Signage at Birdie Tebbetts Field is a pet peeve for dog park proponents. It is one of several concerns expected to be aired at a Holmes Beach city commission work session Jan. 17.
Proponents of a shared dog park/ballpark use at the city’s Birdie Tebbetts field expect to seek a sign change from the Holmes Beach city commission Jan. 17. With the issue on the work session agenda, they plan to ask for the city to recognize the dog park use.
“The sign should not be ambiguous. Right now the sign says: ‘No dogs permitted during ball playing activities,’” said Socko Pearson of Holmes Beach.
Another sign posted on the fence says, “This field is baseball/softball use only. All other activities use soccer field.”
Dog park owners who regularly take their pets to run at Birdie Tebbetts Field say they want to approach the commissioners with suggestions on how to change the signs to allow for the continued ball and dog use of the field at Flotilla Drive and 62nd Street.
Pearson said some of the dog owners favor signage that will include exercising their pets on the field as a permitted use, but not an exclusive use.
“We don’t mind that it’s a ball field,” he said. In fact, he added, his dog owner friends are not opposed to organized sports taking precedence over dog running.
Following a meeting of six regular park users on Dec. 30, Pearson said they shared a common experience of casual ball players ousting dog park users based on the “no dogs permitted during ball playing activities” sign.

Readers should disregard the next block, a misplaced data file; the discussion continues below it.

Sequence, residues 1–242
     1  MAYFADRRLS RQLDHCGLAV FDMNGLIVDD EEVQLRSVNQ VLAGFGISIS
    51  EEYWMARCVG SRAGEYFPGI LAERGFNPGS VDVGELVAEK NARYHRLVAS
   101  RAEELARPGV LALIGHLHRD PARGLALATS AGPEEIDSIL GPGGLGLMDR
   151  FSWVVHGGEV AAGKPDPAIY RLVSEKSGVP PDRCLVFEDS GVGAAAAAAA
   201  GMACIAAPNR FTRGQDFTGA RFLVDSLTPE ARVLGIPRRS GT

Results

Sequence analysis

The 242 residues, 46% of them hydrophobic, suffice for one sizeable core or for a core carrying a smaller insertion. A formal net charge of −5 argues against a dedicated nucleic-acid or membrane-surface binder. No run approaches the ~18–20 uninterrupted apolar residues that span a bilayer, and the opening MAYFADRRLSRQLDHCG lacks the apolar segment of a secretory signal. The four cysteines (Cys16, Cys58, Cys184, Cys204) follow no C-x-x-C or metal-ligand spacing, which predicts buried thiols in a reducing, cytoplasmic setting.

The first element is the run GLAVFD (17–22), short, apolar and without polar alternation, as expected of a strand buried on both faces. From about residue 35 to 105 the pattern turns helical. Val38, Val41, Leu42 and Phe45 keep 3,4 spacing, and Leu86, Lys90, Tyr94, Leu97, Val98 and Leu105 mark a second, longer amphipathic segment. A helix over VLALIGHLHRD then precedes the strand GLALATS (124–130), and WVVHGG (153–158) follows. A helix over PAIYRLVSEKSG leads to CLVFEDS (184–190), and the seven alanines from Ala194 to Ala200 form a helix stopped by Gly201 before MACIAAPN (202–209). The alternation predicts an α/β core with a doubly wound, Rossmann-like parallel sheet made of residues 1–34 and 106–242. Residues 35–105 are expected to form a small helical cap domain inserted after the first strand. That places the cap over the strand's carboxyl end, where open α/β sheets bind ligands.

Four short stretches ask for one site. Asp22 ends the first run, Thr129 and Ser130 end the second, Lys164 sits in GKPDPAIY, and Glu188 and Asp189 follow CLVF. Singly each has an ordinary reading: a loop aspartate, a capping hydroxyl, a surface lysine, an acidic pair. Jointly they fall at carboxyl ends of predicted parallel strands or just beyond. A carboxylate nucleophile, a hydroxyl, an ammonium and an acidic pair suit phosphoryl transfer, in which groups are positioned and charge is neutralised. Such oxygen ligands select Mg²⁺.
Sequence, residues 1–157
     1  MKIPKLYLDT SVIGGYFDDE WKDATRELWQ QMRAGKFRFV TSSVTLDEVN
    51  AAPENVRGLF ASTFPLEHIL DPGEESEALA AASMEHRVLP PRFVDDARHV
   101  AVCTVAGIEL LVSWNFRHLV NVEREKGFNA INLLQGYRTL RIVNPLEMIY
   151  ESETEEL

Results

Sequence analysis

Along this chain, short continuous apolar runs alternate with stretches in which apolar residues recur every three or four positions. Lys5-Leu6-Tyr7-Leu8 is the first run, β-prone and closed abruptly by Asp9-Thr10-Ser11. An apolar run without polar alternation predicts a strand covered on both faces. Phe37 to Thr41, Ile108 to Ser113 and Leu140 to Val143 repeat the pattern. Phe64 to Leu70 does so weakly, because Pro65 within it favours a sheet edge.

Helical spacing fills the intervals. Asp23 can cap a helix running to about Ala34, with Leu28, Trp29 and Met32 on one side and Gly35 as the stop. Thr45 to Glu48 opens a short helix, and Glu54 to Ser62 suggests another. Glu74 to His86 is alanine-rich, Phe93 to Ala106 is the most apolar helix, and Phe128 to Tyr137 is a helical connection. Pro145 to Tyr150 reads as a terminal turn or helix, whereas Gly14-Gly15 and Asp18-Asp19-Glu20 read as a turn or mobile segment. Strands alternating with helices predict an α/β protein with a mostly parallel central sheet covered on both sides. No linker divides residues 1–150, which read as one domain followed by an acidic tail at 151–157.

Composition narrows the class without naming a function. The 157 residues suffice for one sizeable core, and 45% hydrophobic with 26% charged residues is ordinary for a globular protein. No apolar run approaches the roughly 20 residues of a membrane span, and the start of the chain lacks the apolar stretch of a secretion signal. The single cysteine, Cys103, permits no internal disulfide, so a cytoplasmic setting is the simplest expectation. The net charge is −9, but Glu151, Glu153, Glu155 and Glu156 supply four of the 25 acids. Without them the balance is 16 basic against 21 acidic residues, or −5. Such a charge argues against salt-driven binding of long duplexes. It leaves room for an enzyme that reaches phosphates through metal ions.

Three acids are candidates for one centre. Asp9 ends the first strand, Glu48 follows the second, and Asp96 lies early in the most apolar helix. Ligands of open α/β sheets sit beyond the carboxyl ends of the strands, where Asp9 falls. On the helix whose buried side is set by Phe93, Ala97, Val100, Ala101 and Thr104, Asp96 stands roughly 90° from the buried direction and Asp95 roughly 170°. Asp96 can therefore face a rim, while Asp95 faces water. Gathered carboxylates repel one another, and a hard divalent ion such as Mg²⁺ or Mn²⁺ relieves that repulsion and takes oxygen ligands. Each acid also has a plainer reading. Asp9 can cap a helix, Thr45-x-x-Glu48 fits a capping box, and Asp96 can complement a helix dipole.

Other concerns were related to the city’s cost for baseball-field maintenance and protocol for field reservations.
However, he said, it was the signage that irks the dog owners.
“That’s our only beef as dog people,” Pearson added.
Other recent visitors interviewed by The Islander about their dog use at Tebbetts Field Jan. 2 included brothers, Tyler Ayres and Stephen Ayres of Guava Street who had brought their lab pit bull mixes, Monti and Bocachica. Parenthetically, Bocachica is named after a San Diego Padre outfielder, Hiram Bocachica, according to her owner.
“This is the first dog park baseball field I’ve ever been to,” Stephen Ayres said, adding that he is a sports management graduate currently in umpire training. He likes the idea, though, and believes the two activities can be compatible as long as everyone continues to pick up the dog waste.
In a recent interview, public works superintendent Joe Duennes said Birdie Tebbetts is a baseball field, “not a dog park” and is maintained as such on almost a daily basis. Field maintenance, including insecticide, herbicide and irrigation, is performed primarily Dave Benton of the department, Duennes said. “It’s a lot of upkeep for one guy,” he added, “others help.”
The city’s cost for the field’s upkeep is not separated out in the 2011-12 budget, but rather included as part of public works’ general line items for maintenance, supplies and salaries.
Duennes added that the Birdie Tebbetts field was acquired with Manatee County–it did the initial grade work– and if there would be a change in the usage, he thought the county might need to be consulted.